There are only a few real rules in writing. In fact, there are so few rules to good composition that the best-ever book on the subject, The Elements of Style, is only 105 pages and tucks tidily into a Kate Spade handbag.
In business writing, and especially in writing essays for business school applications, there’s one big rule above all else: Answer the Question.
Most of you reading this blog have written business memos – even if your boss hasn’t specifically asked you a question, you know there’s a question behind the assignment. For example, if you are working on a memo, or even a PowerPoint presentation on where to open a factory in China, the question is likely, “Where should Acme Company open a factory in China?” Your memo will answer the question, say, “Shenzhen” and then support that answer. In fact, the title of the memo or the PowerPoint might even be “Reasons for Opening a Factory in Shenzhen.” The rest of the document will support that answer. For example, “We should open a factory in Shenzhen because a)it has a special economic zone b)it has great infrastructure and c)it’s close to popular shipping routes.” I could be all wrong, but you get the idea.
No Beating Around the Bush
Business school essays are much like business memos. You are given a question, for example, “What is your career vision and why is this choice meaningful to you?” (Harvard Business School) — it’s pretty straightforward, or here’s one that cuts right to the chase, “Why would you and your peers select you for admission, and what impact would you make as a member of the Kellogg community?” (Northwestern Kellogg). Remarkably, a lot of students are shy about coming right out and answering the question. What’s your career vision? Answer it: I want to be an entrepreneur, or I want to change the way health care is delivered around the world, or I want to use private equity to support clean tech investments. There are as many answers are there are people applying, because your answer will be unique to you. But you have to do one thing: answer clearly, and preferably, answer up front.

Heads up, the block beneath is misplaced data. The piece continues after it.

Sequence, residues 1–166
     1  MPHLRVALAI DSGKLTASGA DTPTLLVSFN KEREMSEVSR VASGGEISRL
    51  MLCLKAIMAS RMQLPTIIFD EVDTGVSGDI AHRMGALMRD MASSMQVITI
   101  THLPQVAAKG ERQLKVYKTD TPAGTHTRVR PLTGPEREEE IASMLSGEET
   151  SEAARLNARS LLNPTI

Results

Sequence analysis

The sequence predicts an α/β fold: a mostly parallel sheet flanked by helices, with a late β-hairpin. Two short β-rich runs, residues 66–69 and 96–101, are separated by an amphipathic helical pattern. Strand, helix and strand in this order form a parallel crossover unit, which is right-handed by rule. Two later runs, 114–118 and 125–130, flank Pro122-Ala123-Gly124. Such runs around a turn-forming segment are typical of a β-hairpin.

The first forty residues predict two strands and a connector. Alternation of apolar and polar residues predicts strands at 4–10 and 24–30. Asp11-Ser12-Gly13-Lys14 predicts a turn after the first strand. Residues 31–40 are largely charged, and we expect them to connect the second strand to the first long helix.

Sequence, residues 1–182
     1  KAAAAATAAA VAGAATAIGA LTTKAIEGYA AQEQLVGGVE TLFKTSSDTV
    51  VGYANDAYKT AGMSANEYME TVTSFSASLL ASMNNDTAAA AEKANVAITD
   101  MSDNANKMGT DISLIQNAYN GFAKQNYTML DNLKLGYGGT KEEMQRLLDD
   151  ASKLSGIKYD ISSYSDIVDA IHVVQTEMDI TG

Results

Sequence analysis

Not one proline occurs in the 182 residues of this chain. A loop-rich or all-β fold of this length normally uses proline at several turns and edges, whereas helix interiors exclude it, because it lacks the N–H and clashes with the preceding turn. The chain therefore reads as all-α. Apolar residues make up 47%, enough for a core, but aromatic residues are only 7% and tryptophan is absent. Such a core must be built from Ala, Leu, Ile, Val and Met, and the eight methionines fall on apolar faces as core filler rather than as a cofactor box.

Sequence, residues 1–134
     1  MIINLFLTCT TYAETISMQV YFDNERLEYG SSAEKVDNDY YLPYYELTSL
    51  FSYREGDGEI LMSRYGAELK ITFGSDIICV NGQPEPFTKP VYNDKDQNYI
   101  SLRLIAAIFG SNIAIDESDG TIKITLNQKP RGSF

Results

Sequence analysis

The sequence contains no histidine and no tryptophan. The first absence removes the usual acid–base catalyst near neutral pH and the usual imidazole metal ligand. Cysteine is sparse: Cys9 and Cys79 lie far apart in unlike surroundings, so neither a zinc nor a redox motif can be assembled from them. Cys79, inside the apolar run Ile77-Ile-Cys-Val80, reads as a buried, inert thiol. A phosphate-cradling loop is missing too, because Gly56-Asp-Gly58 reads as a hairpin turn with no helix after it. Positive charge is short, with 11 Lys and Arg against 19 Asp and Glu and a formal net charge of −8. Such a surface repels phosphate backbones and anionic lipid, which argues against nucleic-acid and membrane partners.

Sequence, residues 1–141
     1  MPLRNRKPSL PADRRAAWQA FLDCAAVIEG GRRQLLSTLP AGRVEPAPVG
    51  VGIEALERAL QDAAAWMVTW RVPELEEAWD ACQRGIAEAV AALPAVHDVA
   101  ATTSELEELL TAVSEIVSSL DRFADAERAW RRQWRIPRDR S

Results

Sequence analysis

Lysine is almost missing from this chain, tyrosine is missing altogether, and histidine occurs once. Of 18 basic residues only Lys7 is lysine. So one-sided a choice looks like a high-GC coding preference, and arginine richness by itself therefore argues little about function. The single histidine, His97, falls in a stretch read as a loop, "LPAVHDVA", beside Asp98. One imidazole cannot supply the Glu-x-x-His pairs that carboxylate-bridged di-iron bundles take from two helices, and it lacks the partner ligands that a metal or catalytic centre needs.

Also like with a business memo, you need to support the answer to the question. This is especially important with Kellogg’s style of “why should we pick you” question. Say, for example, you want to offer as one of your reasons that you will add to the classroom debate. You can support that statement the same way you would spell out support the argument for a factory in Shenzhen. You might say you add to the debate because you have a unique perspective from having been raised by wolves, or because you were an Olympic curling champion, or because you speak Esperanto. Or you might add to the debate because you are passionate about number theory. Whatever you decide to write about is up to you. But you have to frame your response so it answers the question, and support that response.
That’s all. Just remember that the writers of those questions write them that way because they wanted them answered. And remember, it’s no different from a business assignment. You’d answer your boss’ question, wouldn’t you?